TORONTO — The Information Highways 2002 Conference opened Tuesday with a surprising swipe at the high-technology industry as Alias/Wavefront Inc. chief scientist Bill Buxton blamed 20 years of empty progress in computer technology
on an ignorance of human needs.
“”If Rip Van Winkle went to sleep in 1982 and woke up today, he’d be able to drive today’s computers as well as today’s cars,”” Buxton said, claiming that computing technology has been pretty much stalled since the introduction of Xerox Corp.’s Star Information System. “”There’s been no fundamental change.””
Buxton, who has also long been a consulting research scientist with Xerox’s Palo Alto Research Center (PARC), said the changes that are often praised — computers have been made smaller, faster, cheaper and more plentiful — are hardly worthy of kudos because they were inevitable. Buxton noted more useful developments like networking, wireless technology and input and output advances, but argued these barely register in the public consciousness.
Computers, he said, have been mired in the same one-size mold since the Xerox Star, with the combination of mouse, keyboard and monitor act as “”jack-of-all-trades”” computing tool with little deference to the needs of humans. He said companies, including the Toronto-based 3D graphics provider that employs him, need to adopt a more innovative, human-centered approach to developing technology.
“”The best example of industrial design is that we’ve made our own tools transparent and candy-coloured,”” Buxton said in reference to Apple Corp.’s iMac. “”The most important component in the system is the human being.””
Those features of a computer — the form it comes in and how it fits in with human nature — should be the focus of tech companies, Buxton said.
The human “”threshold of frustration,”” he said, sits at about the complexity of the video cassette recorder, while innovations like multimedia and the information highway are above that level. He said it is incumbent upon tech companies to make products that fit within human capacity, which, unlike the speed of computer chips, is not increasing.
“”If the functionality lies above the threshold of frustration, it doesn’t exist in human terms, period,”” Buxton said. “”If the intended user can not access the intended functionality within the threshold of frustration, you fail.””
A computer’s usefulness and usability are, in part, determined by its form, Buxton said. A car radio, he said, is an enduring browser, while streaming audio is quite useless because computers are rarely found in the same room as stereos. The computer, then, should come in stereo-like form.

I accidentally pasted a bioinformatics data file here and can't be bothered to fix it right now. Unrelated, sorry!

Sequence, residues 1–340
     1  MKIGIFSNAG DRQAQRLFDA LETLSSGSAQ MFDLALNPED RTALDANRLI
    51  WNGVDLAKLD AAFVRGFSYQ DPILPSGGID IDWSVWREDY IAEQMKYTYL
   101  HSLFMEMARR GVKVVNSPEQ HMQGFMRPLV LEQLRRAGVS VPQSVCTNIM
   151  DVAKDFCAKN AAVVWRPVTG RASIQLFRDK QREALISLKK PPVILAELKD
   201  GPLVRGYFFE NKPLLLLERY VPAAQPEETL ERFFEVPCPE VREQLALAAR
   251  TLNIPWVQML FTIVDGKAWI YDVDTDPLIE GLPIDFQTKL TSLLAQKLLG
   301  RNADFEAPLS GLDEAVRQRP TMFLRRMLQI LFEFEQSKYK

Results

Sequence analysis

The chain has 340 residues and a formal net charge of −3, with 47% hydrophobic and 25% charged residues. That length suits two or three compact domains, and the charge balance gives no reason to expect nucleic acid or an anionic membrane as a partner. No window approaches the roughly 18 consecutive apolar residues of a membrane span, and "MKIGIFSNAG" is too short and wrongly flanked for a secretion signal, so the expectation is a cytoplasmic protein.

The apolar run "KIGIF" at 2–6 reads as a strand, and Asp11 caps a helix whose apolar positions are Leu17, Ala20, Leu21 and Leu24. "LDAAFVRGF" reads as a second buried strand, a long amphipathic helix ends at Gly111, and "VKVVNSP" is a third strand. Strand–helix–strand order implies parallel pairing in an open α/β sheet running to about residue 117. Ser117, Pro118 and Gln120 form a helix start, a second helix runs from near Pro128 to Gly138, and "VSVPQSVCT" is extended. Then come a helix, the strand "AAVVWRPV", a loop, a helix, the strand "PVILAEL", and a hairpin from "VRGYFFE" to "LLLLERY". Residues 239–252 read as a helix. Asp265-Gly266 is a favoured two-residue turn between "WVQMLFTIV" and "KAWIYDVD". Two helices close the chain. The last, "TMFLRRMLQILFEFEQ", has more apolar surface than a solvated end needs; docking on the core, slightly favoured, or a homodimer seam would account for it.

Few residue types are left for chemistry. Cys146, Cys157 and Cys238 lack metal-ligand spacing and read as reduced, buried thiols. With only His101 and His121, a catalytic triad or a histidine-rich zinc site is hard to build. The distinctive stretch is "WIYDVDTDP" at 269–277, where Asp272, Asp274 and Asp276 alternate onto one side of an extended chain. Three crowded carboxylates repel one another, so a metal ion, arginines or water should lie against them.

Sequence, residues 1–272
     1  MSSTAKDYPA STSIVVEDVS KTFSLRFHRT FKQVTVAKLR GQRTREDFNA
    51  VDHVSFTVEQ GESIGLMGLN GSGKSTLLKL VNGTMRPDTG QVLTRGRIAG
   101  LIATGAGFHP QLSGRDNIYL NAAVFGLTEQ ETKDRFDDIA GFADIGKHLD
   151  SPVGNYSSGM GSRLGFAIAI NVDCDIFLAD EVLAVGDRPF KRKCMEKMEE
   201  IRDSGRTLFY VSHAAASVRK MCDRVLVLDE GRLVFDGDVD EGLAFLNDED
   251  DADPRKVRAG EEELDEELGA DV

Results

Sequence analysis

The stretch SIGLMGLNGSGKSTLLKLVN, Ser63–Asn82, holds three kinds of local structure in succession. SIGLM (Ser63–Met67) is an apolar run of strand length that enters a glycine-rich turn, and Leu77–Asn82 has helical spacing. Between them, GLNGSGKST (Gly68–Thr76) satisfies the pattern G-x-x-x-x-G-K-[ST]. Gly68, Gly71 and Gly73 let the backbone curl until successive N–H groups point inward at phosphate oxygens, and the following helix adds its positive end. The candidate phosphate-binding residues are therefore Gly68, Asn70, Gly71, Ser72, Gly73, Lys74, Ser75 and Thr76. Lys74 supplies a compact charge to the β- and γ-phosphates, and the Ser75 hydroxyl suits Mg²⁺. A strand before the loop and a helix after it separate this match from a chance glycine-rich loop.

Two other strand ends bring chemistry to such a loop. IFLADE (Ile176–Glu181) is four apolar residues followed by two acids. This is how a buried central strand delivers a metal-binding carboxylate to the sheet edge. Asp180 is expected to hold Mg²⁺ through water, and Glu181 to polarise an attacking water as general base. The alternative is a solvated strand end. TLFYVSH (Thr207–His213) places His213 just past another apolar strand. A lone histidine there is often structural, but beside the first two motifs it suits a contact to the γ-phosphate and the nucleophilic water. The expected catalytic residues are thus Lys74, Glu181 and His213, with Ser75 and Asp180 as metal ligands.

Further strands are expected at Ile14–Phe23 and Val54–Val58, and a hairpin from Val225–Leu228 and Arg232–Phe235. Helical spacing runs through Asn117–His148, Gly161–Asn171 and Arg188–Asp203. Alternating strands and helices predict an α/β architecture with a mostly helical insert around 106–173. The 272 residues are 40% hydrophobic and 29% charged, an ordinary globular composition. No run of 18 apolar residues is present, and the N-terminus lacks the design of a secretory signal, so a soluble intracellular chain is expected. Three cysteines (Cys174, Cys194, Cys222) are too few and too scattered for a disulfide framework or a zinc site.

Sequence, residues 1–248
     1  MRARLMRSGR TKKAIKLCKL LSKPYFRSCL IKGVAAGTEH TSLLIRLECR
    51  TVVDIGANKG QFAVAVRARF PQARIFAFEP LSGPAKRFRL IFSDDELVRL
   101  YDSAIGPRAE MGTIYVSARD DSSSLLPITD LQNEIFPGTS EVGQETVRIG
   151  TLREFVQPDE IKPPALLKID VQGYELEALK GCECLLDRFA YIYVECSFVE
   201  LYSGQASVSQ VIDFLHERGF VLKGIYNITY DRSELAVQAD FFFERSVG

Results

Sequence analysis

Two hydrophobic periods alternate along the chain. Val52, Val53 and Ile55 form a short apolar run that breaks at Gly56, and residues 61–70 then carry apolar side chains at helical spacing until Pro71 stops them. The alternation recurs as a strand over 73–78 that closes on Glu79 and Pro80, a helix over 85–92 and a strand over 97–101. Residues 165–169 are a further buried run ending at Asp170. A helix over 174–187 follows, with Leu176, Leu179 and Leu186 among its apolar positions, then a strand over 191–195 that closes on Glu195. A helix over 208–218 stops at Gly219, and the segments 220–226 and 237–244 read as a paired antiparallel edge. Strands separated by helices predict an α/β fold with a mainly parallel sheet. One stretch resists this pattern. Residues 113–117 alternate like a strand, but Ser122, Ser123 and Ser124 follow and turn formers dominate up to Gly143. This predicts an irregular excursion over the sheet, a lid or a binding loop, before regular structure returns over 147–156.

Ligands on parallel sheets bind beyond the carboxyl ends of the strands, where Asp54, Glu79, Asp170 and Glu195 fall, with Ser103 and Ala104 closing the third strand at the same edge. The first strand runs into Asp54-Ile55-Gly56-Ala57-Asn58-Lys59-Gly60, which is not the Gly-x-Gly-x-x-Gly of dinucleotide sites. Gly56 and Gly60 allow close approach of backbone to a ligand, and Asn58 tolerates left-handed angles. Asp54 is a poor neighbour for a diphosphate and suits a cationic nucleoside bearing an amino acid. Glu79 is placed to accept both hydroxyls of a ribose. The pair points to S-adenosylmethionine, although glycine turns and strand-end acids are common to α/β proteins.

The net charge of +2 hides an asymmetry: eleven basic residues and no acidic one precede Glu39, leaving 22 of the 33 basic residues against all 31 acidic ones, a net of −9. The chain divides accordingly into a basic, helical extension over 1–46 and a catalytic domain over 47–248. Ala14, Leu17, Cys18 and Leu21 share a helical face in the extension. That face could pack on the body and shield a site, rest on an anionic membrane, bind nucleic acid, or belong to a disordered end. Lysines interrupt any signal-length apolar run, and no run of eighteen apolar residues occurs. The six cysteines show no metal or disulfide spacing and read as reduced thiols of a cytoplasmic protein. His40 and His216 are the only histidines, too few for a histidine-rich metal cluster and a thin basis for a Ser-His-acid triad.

“”The moment you’re conscious of using a computer, you’ve failed as a designer,”” he said. “”Take computing to the user, not the user to the computer.””
During a later panel discussion on content management, Rob Bienvenu, chief planning officer for Chicago-based enterprise services company Divine Inc., echoed Buxton’s emphasis on ease of use. He said his mother reported her favourite Web site to be gapkids.com because of its simplicity, while she hated Disney Online because it made her “”feel stupid.””
“”If you get this way,”” Bienvenu said of Disney, “”You destroy years of brand-building and trust.””
Buxton said making technology that works for people requires a heterogeneous mix of designers and a focus on the “”net benefit.”” Rather than producing devices with strong, specific capabilities or devices with weak, general capabilities, Buxton said tech companies should work towards devices with the power of many strong, specific tools but with the apparent complexity of weak, general devices. Though the car is a computer and the cell phone is a computer and the radio is a computer, these devices act independently, in a manner that mixed with human error, can have fatal consequences.
“”The net benefit comes from, the phone is a computer, the car is a computer. Neither of them have identity crises. And they can work together in the network if anybody paid attention to the sociology of these devices,”” Buxton said.
Campbell Robertson, Nepean, Ont.-based field marketing manager for conference exhibitor Open Text Corp. said his company has tried to reach this net benefit with its Livelink collaborative application.
“”Livelink is providing a general platform for core management, then you have the specifics, dynamic meetings, e-learning capability,”” Roberston said. “”The big thing is that we’re trying to keep it at the browser level. In order to get the value of knowledge, you need to be able to access it.””
Robertson stressed the importance of collaboration in knowledge management and Ann Rockley, president of Markham, Ont.-based The Rockley Group Inc., characterized it as the goal of enterprise content management in the aforementioned panel discussion. But Buxton went further, positioning collaboration, specifically, heterogeneous collaboration, as a key step towards improved technology and more dynamic communities.
He said it is a huge mistake for universities to be skimping on humanities and arts faculties in favour of the sciences because technology has to be able to work for people. Buxton advocated more collaboration between funding agencies and faculties at the graduate level and said following the research-in-isolation approach is a way to avoid success.
“”Unless our education system starts to reflect the value of developing heterogenous social networks consistent with the skills we need, our hands are tied behind our back,”” said Buxton, who was a lecturer with the University of Toronto’s computer science faculty before joining Alias. “”The first jurisdiction to make these changes will win. All we are doing is keeping up. You don’t win by keeping up.
“”The way you generate value is by doing something no one else does.””